This post is kinda about how good my brother's new band is, but it's really about the excitement I felt going to a live show from a band I didn't know whose performance and energy was so vital, and how meeting them beforehand triggered my excitement for these two shows. When you know the band you're about to see is really talented, loose, and happy to be playing, all is good.

Dan, if you read this, stay in this band. You guys are awesome.

04 July 2008

A Meme

UPDATED (7/07/08): Look at the bottom of this post for a couple downloads.

A new post about a band I love is coming up soon, based on the overwhelming response to the Walt Mink post. In the meantime, I'm curious what the people who stop by here are listening to. If you could oblige, name a few bands you're currently listening to, and a few great songs by each that have inspired said listening. If you got a blog, put 'em there, so maybe your commenters will chime in too. Here's my list:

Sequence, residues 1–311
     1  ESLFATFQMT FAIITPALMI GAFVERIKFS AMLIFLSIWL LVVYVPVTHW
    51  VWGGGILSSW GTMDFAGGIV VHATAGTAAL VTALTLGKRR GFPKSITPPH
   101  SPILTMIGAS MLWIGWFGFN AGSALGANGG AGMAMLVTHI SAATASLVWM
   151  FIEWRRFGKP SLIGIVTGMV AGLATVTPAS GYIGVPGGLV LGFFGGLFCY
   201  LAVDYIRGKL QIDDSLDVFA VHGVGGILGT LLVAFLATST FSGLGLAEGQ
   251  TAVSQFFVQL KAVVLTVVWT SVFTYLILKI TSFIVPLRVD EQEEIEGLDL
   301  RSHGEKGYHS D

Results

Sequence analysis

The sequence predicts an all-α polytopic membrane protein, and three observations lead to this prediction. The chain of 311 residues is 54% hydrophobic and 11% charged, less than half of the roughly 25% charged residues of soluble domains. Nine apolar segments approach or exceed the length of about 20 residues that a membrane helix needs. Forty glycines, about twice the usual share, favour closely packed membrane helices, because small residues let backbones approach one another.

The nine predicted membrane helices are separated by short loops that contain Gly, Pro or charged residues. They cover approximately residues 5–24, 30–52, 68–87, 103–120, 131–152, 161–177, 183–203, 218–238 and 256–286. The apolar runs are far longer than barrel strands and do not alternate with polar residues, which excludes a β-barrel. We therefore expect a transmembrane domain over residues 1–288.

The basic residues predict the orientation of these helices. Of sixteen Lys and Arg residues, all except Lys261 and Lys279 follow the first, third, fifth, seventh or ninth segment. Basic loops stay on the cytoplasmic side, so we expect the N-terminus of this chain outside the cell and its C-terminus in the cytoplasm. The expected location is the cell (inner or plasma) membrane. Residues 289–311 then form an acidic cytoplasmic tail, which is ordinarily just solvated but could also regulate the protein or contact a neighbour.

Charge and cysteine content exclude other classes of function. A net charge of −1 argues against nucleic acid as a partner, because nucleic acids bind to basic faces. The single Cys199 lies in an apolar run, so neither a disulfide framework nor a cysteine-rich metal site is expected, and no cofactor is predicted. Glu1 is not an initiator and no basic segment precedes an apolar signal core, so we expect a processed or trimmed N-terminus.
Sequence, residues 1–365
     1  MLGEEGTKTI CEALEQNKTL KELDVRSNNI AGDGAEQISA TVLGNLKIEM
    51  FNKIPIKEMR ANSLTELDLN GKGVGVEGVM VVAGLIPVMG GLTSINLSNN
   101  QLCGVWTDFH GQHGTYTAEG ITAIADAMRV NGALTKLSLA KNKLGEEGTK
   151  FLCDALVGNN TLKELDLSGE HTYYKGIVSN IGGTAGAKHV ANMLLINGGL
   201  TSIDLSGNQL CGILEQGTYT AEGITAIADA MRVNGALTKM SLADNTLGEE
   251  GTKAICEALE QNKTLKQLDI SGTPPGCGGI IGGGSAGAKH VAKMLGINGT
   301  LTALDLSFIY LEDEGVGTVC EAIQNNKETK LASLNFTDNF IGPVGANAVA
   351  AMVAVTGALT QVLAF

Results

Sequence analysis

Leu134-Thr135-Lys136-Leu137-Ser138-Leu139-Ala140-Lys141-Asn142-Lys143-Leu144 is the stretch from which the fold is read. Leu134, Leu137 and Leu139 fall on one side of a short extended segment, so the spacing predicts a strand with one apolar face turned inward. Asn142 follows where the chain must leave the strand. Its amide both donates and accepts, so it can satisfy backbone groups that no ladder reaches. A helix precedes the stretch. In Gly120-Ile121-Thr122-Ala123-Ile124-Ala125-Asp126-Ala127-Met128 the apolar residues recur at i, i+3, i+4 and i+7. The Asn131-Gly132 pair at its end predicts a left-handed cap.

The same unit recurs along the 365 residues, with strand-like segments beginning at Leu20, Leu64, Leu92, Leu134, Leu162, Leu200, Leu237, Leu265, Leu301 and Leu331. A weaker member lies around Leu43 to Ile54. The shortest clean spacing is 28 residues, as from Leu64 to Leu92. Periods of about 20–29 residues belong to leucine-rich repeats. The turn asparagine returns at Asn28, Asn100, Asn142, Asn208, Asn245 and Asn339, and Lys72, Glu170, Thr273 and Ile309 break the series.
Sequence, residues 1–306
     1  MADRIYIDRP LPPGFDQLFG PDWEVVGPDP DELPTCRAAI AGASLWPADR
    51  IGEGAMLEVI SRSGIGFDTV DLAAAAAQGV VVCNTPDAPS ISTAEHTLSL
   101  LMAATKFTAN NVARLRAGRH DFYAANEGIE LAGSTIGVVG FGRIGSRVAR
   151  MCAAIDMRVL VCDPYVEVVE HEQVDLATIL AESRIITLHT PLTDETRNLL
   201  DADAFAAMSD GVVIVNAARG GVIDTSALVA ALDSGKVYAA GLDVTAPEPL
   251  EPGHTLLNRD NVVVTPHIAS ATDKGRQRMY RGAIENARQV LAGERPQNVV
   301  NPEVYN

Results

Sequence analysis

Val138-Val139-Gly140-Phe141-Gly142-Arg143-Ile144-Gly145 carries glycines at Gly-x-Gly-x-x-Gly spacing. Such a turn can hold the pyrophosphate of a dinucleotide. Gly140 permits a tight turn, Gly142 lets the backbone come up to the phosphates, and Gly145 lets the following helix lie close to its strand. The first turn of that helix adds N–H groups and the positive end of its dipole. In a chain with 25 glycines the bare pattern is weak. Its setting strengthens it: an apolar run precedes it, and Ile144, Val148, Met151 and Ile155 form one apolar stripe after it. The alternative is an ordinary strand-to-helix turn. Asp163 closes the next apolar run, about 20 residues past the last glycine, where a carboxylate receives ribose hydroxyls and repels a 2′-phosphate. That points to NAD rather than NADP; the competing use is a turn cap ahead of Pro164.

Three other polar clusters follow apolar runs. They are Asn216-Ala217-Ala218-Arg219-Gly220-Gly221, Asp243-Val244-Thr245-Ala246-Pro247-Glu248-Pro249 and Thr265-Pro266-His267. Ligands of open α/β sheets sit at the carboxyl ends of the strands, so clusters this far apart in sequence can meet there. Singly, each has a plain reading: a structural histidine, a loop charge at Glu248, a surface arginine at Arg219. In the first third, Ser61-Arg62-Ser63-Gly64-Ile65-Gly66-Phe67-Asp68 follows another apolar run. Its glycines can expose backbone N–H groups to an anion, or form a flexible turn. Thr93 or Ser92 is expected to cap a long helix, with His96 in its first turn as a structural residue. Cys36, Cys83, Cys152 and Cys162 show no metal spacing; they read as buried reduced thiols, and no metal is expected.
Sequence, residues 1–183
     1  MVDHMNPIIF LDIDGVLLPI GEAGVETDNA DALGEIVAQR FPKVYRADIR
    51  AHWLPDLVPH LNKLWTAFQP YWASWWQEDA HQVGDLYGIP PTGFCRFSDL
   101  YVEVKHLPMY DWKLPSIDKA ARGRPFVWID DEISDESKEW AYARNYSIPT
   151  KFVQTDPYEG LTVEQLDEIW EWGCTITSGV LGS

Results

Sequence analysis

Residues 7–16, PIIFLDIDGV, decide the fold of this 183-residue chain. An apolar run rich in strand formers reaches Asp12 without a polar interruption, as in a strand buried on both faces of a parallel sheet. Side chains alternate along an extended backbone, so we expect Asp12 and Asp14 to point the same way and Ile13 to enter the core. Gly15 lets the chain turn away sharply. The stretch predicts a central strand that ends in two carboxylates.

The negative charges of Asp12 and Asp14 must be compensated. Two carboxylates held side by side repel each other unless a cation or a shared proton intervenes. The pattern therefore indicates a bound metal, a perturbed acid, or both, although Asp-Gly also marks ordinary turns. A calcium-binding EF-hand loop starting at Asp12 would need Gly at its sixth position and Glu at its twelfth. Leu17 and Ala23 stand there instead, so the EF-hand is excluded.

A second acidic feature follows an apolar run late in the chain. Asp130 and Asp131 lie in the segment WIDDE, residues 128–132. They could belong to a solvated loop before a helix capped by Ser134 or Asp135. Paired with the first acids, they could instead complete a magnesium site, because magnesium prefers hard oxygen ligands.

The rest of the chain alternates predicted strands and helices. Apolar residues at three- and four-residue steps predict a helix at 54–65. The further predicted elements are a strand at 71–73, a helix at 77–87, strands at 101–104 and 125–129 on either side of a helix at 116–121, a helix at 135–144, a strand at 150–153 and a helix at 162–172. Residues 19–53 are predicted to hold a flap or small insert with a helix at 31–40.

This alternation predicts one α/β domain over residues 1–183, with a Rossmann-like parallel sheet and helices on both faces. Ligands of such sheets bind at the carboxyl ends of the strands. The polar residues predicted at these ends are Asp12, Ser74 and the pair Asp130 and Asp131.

ROLLING STONES (even before Jackson's post), I've been slowly filling in the gaps of my Stones knowledge. As a Beatles kid, I never really loved the Stones growing up, and predictably found Led Zeppelin more exciting. Which is odd, because the main reason I was never a Stones fan is that I dislike the blues. Actively. Certain singers will hit me right, but blues guitar in particular bores me.

But I liked the Stones enough as a kid to get Hot Rocks on cassette and hear the same songs on the radio. The mistake I made was that I assumed that the Stones' best material was on their greatest hits. I was wrong.